In a particularly preferred embodiment of the invention the rectifiers, the inverters and the transformers are designed to be over-dimensioned, preferably by about 20%, and provided between each two rectifiers, between each two inverters and between each two transformers are switch devices which in the event of failure of a component permit it to be by-passed.

Due to the over-dimensioning the remaining components can at least temporarily take over the function of the failed component without that causing an overloading to occur. If therefore, for example, a rectifier fails the switch devices between the failed rectifier and one or more adjacent operational rectifiers can be actuated. In that way the operational rectifiers are acted upon with a correspondingly higher output power and also rectify the ac voltage from the system with the failed rectifier.

In a particularly preferred feature control of the switch devices is effected having regard to the output power to be switched, so that only one switch device switches when the level of output power is low. If the output power to be switched is higher a plurality of switch devices are actuated in order thereby to distribute the loading to a plurality of components and to avoid overloading.

In a particularly preferred development of the invention switch devices are provided in the feed line and/or the out line of each component with the exception of the stators. By actuation of the corresponding switch devices it is possible to reliably avoid any reaction on the part of the component to be by-passed if that component is completely disconnected by the switch devices.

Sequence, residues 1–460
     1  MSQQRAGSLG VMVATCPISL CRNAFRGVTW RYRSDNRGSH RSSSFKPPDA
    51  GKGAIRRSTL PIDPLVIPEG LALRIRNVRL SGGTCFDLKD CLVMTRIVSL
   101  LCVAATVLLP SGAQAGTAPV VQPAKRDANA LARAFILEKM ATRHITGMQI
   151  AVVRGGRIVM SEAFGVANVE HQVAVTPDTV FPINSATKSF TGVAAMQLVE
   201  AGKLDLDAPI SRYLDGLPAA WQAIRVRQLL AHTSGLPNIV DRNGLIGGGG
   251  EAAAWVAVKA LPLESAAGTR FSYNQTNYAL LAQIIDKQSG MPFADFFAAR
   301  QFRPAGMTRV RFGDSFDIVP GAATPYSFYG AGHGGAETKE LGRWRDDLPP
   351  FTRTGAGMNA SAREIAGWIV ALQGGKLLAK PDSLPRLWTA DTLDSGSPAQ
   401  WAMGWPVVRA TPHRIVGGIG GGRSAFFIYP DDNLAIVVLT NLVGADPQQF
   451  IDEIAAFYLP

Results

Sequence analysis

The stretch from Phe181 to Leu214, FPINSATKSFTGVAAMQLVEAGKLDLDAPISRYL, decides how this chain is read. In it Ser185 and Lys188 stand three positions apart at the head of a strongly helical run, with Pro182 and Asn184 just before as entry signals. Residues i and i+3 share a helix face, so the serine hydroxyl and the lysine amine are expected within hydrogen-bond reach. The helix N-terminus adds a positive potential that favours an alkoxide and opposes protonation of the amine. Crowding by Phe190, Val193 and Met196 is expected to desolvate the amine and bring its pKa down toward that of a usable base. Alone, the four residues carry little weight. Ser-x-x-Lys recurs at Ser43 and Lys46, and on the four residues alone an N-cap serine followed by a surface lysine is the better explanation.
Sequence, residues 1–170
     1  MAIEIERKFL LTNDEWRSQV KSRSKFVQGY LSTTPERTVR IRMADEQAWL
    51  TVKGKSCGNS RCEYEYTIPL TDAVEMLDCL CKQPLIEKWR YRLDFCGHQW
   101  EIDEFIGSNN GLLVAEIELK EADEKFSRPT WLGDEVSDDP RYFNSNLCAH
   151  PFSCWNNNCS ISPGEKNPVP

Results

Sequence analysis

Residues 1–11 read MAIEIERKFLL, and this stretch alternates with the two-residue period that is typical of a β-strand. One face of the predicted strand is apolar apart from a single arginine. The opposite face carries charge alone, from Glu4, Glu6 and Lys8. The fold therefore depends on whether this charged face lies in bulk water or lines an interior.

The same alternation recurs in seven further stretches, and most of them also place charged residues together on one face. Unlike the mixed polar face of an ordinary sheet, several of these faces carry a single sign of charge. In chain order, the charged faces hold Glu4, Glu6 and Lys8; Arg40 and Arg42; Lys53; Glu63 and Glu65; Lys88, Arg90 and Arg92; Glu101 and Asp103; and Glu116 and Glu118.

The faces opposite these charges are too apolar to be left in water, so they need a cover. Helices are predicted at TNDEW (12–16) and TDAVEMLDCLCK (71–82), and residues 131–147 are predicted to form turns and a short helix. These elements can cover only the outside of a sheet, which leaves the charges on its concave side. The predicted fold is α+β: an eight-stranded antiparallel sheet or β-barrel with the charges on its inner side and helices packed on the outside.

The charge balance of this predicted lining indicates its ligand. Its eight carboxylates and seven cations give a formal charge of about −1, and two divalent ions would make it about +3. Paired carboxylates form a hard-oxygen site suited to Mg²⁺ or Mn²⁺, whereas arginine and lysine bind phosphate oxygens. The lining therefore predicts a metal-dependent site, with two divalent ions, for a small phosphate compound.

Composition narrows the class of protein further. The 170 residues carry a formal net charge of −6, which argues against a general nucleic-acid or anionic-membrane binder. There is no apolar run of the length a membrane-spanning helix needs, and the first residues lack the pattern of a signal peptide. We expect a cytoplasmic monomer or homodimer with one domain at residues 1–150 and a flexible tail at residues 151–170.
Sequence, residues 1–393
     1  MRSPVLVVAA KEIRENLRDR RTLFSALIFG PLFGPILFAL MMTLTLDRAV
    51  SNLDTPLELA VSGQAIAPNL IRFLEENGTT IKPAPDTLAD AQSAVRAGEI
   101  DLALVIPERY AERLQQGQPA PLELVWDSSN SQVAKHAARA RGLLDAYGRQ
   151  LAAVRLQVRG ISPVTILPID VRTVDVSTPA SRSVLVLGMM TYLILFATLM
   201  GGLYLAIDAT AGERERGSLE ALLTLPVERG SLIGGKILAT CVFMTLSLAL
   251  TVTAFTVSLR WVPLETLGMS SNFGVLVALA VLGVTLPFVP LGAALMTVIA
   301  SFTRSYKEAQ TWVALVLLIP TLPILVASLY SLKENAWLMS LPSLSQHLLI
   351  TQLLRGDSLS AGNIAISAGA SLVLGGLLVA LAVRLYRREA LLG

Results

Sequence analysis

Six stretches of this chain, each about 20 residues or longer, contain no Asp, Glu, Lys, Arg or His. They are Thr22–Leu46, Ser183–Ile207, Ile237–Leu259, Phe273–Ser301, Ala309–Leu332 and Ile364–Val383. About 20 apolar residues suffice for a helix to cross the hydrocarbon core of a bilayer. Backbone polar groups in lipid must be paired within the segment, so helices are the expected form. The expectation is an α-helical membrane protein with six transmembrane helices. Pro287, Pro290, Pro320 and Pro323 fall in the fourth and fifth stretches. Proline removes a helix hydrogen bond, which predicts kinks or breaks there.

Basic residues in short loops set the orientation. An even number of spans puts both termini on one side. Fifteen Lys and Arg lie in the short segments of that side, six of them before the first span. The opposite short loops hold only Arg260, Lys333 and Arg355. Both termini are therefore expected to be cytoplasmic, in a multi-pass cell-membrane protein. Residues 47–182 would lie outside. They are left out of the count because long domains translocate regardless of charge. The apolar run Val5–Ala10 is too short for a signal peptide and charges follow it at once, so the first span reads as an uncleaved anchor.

In an alternative embodiment of the invention the feed lines and out lines of the individual components are connected in parallel. That saves on switch devices, in the event of failure of a component all the other components are always automatically operated and the control system is simplified as it is only the failed component that has to be disconnected by switch devices in the feed lines and/or out lines.

The redundancy of the individual components is referred to as ‘external redundancy’ and identifies the possibility, in the event of failure of a component, of causing the function thereof to be taken over by a redundantly present, other component. In the event of failure of a rectifier therefore other rectifiers take over the function, in the event of failure of an inverter other inverters take over the function and in the event of failure of a transformer other transformers take over the function.

In comparison there is also internal redundancy. That denotes constructing a component with a plurality of modules which are present redundantly with each other and which relative to the exterior form a component such as for example an inverter. Therefore in the event of failure of one of a plurality of modules of an inverter that inverter can definitely still remain operational as the remaining modules of the inverter can still continue to implement the function involved.

Accordingly a stator with two windings also has internal redundancy as, in the event of failure of one winding, the second winding is still available for generating power so that the stator can still deliver half of the possible output power.

Accordingly the wind power installation according to the invention can deliver all of the instantaneously available output power even in the event of failure of individual components or modules, with the exception of a stator or a stator winding.